Bringing home the bacon to raise awareness of epilepsy

A British man in Copenhagen is turning tragedy into action with a 1,500 km charity bike ride

Tan Farrell has never been much of a cyclist. He rarely got on a bicycle when he lived in Britain, and even after moving here, the most he ever cycles is a couple of kilometres to and from work. 

But now he’s training for a bike ride that is considered long even by the most seasoned of cyclists: a 14-day expedition from Copenhagen to Warrington, England.

“I’m cycling from my new home to my old home,” he said.

Farrell’s motivation for this charity bike ride, aptly named ‘Bringing Home the Bacon’, is his little sister Felicity, who died in her sleep in 2008 from an epileptic seizure when she was just 15 years old.

Sudden unexpected death in epilepsy (SUDEP) isn’t uncommon. About 1,000 people die suddenly from epileptic seizures in the UK each year, most of them between the ages of nine and 25. That’s more than those who die from AIDS. The Farrell family wasn’t told that Felicity’s condition could be fatal, never mind the fact that bed-mounted equipment can be purchased to monitor seizures at night.

“When my sister got diagnosed with epilepsy, no-one said she could die from it,” he said. “She died five months after being diagnosed.”

Now, Farrell and his family are hoping to raise awareness about SUDEP with a charity bike ride around Europe that will span six countries and require them to peddle an average 110km each day. Money raised from the ride via sponsors and donations will go to Epilepsy Action, England’s largest epilepsy charity.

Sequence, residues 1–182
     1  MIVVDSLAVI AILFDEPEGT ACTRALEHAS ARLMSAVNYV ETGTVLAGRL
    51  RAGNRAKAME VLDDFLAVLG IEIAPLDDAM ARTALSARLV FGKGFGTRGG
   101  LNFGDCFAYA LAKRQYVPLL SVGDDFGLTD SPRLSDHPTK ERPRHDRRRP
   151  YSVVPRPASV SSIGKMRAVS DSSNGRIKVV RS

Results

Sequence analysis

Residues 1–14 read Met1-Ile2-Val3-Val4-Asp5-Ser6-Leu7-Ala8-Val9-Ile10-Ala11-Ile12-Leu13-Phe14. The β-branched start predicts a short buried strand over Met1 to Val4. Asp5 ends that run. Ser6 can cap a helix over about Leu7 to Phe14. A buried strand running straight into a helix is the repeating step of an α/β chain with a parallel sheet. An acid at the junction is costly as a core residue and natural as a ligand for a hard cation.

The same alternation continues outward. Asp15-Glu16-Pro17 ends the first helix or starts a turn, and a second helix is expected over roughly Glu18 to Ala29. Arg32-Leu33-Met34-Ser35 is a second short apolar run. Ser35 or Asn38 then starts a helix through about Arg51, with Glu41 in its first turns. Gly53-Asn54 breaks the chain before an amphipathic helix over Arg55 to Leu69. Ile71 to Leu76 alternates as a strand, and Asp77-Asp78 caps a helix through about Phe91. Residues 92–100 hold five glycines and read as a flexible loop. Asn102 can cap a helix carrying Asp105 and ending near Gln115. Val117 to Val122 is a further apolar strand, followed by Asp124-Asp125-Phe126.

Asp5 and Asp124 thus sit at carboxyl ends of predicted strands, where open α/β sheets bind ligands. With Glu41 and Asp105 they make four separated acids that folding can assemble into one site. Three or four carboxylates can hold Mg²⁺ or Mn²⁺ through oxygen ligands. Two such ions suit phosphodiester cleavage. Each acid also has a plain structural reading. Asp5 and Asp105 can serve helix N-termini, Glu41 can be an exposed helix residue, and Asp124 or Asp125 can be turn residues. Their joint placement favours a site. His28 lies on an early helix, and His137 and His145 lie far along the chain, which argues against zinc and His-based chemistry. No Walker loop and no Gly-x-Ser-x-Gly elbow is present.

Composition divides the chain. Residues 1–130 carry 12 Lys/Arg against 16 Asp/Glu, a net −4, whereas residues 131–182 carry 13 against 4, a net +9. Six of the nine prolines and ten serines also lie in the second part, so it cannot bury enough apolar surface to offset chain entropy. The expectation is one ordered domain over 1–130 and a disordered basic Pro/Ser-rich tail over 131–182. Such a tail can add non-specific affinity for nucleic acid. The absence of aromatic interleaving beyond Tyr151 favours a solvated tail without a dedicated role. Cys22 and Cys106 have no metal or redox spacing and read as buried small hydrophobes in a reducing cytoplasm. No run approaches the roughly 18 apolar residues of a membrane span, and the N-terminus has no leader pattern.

Farrell’s started casually cycling the streets of Copenhagen when he moved here to be with his Danish girlfriend a few years ago. Since then, his cycling experience has mainly consisted of a few kilometres a day to and from work. His father and brothers, who will accompany him on the ride, have biked even less. The three have started an intense training programme to get in shape for the ride, which is chronicled in their blog.

Farrell said that the ride will be both physically challenging and emotionally therapeutic for him. He was a busy university student when his sister died and later became preoccupied with living in Copenhagen. But now his life has settled down, Farrell has more time to reflect.

“It didn’t really affect me as much. I came home, grieved with my family for a month and then went back,” he said. “It was important for me to do something eventually.”
The tour will end on the fourth anniversary of when Felicity died, providing a reminder of why the three rode all that way in the first place.

“It’s tragic that this can actually happen,” said Farrell. “And it’s especially tragic that it’s all young people.”

  • How internationals can benefit from joining trade unions

    How internationals can benefit from joining trade unions

    Being part of a trade union is a long-established norm for Danes. But many internationals do not join unions – instead enduring workers’ rights violations. Find out how joining a union could benefit you, and how to go about it.

  • Internationals in Denmark rarely join a trade union

    Internationals in Denmark rarely join a trade union

    Internationals are overrepresented in the lowest-paid fields of agriculture, transport, cleaning, hotels and restaurants, and construction – industries that classically lack collective agreements. A new analysis from the Workers’ Union’s Business Council suggests that internationals rarely join trade unions – but if they did, it would generate better industry standards.

  • Novo Nordisk overtakes LEGO as the most desirable future workplace amongst university students

    Novo Nordisk overtakes LEGO as the most desirable future workplace amongst university students

    The numbers are especially striking amongst the 3,477 business and economics students polled, of whom 31 percent elected Novo Nordisk as their favorite, compared with 20 percent last year.